CLASSIC ALBUMS

The Doors Morrison Hotel

To Be revised
Morrison Hotel is the fifth studio album by American rock band the Doors, released on February 9, 1970, by Elektra Records. After the use of brass and string arrangements recommended by producer Paul A. Rothchild on their previous album, The Soft Parade, the Doors returned to their blues-rock style and this album was largely seen as a return to form for the band. The group entered Elektra Sound Recorders in Los Angeles in November 1969 to record the album which is divided into two separately titled sides: "Hard Rock Cafe" and "Morrison Hotel". Session bassists Lonnie Mack and Ray Neapolitan featured on the album's songs.

The album reached No. 4 on the Billboard 200, and performed better overseas than the preceding album (it was the group's highest-charting studio album in the United Kingdom, where it peaked at No. 12). The accompanying "You Make Me Real" / "Roadhouse Blues" single peaked at No. 50 in May 1970 on the Billboard 100 chart. The cover photo was taken by Henry Diltz.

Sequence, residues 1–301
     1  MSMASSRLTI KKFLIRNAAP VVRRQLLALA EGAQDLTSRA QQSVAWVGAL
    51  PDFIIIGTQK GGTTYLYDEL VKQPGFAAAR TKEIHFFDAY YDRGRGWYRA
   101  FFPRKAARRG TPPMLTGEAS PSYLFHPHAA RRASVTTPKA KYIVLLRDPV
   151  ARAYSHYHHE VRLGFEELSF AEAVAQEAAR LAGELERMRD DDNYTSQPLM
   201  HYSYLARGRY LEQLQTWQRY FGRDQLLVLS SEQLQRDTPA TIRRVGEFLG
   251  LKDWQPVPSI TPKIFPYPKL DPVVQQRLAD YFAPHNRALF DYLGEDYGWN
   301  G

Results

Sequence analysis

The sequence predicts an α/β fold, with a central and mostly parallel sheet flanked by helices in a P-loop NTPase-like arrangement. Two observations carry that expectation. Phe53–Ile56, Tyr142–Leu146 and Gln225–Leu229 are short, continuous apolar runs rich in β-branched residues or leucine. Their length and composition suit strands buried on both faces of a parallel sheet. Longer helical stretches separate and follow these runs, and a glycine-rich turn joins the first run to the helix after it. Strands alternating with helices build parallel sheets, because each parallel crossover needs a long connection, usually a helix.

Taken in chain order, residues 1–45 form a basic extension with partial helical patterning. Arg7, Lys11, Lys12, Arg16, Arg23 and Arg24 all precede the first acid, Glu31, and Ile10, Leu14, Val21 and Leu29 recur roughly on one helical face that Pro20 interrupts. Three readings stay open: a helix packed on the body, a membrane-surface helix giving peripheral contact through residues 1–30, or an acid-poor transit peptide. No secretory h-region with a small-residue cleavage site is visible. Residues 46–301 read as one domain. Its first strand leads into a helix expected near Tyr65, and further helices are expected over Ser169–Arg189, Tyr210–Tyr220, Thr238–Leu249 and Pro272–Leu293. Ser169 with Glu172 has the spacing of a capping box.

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Description

To Be revised
Morrison Hotel is the fifth studio album by American rock band the Doors, released on February 9, 1970, by Elektra Records. After the use of brass and string arrangements recommended by producer Paul A. Rothchild on their previous album, The Soft Parade, the Doors returned to their blues-rock style and this album was largely seen as a return to form for the band. The group entered Elektra Sound Recorders in Los Angeles in November 1969 to record the album which is divided into two separately titled sides: “Hard Rock Cafe” and “Morrison Hotel”. Session bassists Lonnie Mack and Ray Neapolitan featured on the album’s songs.

The album reached No. 4 on the Billboard 200, and performed better overseas than the preceding album (it was the group’s highest-charting studio album in the United Kingdom, where it peaked at No. 12). The accompanying “You Make Me Real” / “Roadhouse Blues” single peaked at No. 50 in May 1970 on the Billboard 100 chart. The cover photo was taken by Henry Diltz.